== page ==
Dr. Marcel Meyer
Telefon: +49 (0)621 181-3317
Having studied Psychology at the Universities of Essex and Birmingham, I defended my PhD thesis in the area of affective neuroscience at Cardiff University. Here, I examined the impact of emotional and regulatory traits on threat processing at behavioural and neural levels. Following postdoctoral positions in Geneva and Bochum, I am now working under the auspices of Prof. G. Alpers in Mannheim.
My current research interests lie in the
- Broad areas of emotion, emotion regulation, cognitive control and contemplative practice
- The development and evaluation of theoretical models in these domains, using healthy and clinical populations as well as behavioural, neural and electrophysiological techniques
- Cognitive and neural effects of, as well as emotion processing in, affect-related disorders
- Emerging pursuits are literary reading, mental imagery, time perception and a complex systems approach to emotion.
I am happy to discuss projects falling in any of the above domains.
Publications and Conferences
Quent, J.A., Meyer, M., Ros, T. & Kuchinke, L. (in prep.). Reading prevails: the automaticity of word reading in a colour Stroop task.
Damjanovic, L., Sepulveda, F., & Meyer, M. (in prep.). Electrophysiological correlates of anxiety in unconscious face processing.
Meyer, M., Lawrence, N.S., & Lawrence, A.D. (submitted). Breaking the link between neuroticism and impaired response inhibition to threat: a case for reappraisal.
Damjanovic, L., Meyer, M., & Sepulveda, F. (2017). Raising the Alarm: Trait Anxiety Modulates the Perceptual Awareness of Masked Facial Expressions. Brain and Cognition, 114, 1-10.
Keedwell, P.A., Doidge, A.N.*, Meyer, M.*,
Lawrence, N., Lawrence, A.D., & Jones, D.K. (2016). Subgenual Cingulum
Microstructure Supports Control of Emotional Conflict. Cerebral Cortex, 26, 6,
* equal author contribution
Meyer, M., & Kuchinke, L. (2015). Regulating with imagery and the complexity of basic emotions. Comment on “The quartet theory of human emotions: An integrative and neurofunctional model” by S. Koelsch et al. Physics of Life Reviews, 13, 18–19.
Meyer, M. (2013). The neuro-cognitive basis of cognitive and emotional control. Unpublished PhD thesis, Cardiff University, UK.
Dunn, B.D., Galton, H.C., Morgan, R., Evans, D., Oliver, C., Meyer, M., Cusack, R., Lawrence, A.D. & Dalgleish, T. (2010). Listening to your heart: How interoception shapes emotion experience and intuition. Psychological Science, 21, 1835-44.
Mobbs, D., Yu, R.*, Meyer, M.*, Passamonti,
L., Seymour, B.J., Calder, A.J., Schweizer, S., Frith, C.D. & Dalgleish, T.
(2009). A key role for similarity in vicarious reward. Science, 324, 900.
* equal author contribution
Conferences and Talks
Meyer, M., Lawrence, N.S., Chambers, C.D. & Lawrence, A.D. The mixed blessings of agreeableness in moderating neuroticism-related response tendencies: greater speed but more mental noise. Poster presented at the Bi-Annual Conference of the International Society for Research on Emotion, July 2015, Geneva, Switzerland.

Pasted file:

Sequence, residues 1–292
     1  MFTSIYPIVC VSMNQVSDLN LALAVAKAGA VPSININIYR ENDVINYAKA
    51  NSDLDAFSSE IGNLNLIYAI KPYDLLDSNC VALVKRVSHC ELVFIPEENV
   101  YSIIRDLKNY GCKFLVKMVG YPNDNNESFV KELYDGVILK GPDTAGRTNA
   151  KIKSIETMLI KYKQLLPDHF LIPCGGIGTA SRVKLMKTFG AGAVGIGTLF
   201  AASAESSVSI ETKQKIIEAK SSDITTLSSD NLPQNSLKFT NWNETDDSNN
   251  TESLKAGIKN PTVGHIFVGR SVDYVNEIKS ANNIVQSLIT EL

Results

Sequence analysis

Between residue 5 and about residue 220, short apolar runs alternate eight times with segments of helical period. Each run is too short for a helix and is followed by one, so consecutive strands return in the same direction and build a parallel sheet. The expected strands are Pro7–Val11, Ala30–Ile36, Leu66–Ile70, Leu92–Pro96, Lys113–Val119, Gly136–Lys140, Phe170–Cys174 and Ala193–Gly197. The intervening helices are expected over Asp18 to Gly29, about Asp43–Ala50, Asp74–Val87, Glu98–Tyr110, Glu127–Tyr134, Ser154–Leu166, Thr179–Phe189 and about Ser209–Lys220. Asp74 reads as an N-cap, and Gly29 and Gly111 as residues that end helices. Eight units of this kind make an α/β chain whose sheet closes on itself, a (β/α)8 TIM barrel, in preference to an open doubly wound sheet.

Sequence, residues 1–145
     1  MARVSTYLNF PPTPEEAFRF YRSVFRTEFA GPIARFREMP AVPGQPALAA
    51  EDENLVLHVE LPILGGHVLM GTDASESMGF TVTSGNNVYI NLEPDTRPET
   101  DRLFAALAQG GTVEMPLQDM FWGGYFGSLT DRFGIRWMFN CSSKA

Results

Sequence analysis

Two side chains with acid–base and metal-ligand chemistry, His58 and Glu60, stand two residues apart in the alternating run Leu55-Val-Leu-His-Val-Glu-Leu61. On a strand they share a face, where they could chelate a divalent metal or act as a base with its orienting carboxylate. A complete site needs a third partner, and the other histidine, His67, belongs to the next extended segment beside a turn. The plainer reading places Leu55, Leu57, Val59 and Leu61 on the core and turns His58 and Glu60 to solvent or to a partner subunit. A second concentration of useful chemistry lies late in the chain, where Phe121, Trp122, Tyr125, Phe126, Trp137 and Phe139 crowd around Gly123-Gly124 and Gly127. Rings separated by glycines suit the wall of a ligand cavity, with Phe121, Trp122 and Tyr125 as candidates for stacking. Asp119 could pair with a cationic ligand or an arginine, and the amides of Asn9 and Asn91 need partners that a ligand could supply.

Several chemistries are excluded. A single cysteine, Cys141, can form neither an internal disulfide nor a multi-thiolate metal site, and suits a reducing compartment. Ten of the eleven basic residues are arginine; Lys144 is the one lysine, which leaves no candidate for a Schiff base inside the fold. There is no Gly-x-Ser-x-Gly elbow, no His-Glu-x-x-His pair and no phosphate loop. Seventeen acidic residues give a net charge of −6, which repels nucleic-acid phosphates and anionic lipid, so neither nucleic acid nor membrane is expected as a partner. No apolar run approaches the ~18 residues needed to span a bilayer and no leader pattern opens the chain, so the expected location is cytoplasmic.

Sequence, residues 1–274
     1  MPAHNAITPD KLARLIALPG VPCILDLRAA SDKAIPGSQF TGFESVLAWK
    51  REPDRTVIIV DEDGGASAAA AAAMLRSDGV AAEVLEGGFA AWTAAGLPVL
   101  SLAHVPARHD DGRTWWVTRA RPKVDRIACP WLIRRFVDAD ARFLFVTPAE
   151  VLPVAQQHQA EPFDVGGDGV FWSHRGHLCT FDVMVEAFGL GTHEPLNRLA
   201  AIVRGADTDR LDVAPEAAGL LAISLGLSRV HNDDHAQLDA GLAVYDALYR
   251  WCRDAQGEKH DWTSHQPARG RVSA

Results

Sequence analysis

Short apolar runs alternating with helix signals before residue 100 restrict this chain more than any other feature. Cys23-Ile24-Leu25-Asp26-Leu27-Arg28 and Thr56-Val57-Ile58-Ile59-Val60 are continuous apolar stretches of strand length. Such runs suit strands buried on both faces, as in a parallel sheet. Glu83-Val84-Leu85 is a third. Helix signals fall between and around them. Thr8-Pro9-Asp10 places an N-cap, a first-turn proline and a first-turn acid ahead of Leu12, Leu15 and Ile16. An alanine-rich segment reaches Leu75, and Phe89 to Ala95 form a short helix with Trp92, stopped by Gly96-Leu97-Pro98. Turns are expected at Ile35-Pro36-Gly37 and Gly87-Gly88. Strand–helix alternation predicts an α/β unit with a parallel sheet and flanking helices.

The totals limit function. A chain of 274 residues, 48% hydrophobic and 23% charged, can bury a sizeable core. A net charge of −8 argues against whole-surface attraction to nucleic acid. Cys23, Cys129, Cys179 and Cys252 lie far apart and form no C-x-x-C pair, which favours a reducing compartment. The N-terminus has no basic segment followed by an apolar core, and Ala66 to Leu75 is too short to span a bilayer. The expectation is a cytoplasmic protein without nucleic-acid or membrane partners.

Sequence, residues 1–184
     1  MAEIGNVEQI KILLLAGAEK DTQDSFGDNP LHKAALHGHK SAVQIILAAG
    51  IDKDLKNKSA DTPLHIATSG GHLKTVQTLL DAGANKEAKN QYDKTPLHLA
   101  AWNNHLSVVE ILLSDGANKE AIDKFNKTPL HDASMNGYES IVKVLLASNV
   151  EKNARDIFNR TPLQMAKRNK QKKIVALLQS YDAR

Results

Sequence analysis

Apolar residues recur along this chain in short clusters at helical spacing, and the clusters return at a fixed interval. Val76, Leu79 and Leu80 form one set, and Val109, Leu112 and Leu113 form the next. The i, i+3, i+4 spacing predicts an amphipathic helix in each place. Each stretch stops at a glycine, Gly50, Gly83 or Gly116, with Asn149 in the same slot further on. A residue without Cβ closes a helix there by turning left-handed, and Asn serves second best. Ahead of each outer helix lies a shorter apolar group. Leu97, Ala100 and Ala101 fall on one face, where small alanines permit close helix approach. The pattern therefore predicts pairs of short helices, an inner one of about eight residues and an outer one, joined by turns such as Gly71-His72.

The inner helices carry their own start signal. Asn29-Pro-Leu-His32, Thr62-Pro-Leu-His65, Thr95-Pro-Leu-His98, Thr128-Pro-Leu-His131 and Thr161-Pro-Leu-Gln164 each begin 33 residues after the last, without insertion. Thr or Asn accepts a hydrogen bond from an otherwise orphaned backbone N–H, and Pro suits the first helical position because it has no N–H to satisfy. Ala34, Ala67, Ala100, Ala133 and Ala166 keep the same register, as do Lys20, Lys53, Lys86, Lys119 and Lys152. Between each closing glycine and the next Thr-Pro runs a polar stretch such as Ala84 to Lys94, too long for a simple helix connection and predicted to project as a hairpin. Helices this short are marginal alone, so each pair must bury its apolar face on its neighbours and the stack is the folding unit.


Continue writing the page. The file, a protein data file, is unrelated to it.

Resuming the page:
Meyer, M., Lawrence, N.S., Chambers, C.D. & Lawrence, A.D. Breaking the link between neuroticism and threat bias. Poster presented at the Annual Research Forum of the Centre Interfacultaire en Sciences Affectives, February 2013, Geneva, Switzerland.
Meyer, M., Lawrence, N.S., Chambers, C.D. & Lawrence, A.D. Breaking the link between neuroticism and threat processing: a case for reappraisal. Poster presented at the Alpine Brain Imaging Meeting, January 2013, Champéry, Switzerland.
Meyer, M., Lawrence, N.S., Chambers, C.D. & Lawrence, A.D. The tight grasp of threat and the (counter)forces of personality. Invited talk at the Mood Disorders Centre, University of Exeter, December 2012.
Meyer, M., Lawrence, N.S., Lawrence, A.D. & Chambers, C.D. Angry faces don’t let you go: evidence from an affective stop signal paradigm. Poster presented at Wales Institute of Cognitive Neuroscience Conference, January 2011, Deganwy, UK.
Meyer, M., Lawrence, N.S., Chambers, C.D. & Lawrence, A.D. The neuro-cognitive basis of cognitive and affective control. Talk presented at Cardiff University School of Psychology Gregynog Postgraduate Conference, November 2009, Gregynog, UK.
Meyer, M., Lawrence, N.S., Chambers, C.D. & Lawrence, A.D. The neuro-cognitive basis of cognitive and affective control. Talk presented at Wales Institute of Cognitive Neuroscience Conference, July 2009, Deganwy, UK.
Damjanovic, L., Sepulveda, F., & Meyer, M. Electrophysiological correlates of anxiety in unconscious face processing. Poster presented at the Experimental Psychology Society conference, July 2007, Edinburgh, UK.
Dunn, B. D., Billotti, D., Quarmby, L., Meyer, M., Brewin, C., & Dalgleish, T. Does emotional suppression help regulate affect when processing traumatic material? Talk presented at World Congress of Cognitive and Behavioural Therapies, 2007, Barcelona, Spain.
Dunn, B.D., Dalgleish, T., Morgan, R., Galton H., Oliver, C., Vyas, N. & Meyer, M. Follow your heart? Experimental investigations of the influence of bodily feedback in psychopathology, Symposium talk given at British Association for Behavioural and Cognitive Psychotherapies Annual Conference, 2007, Brighton, UK.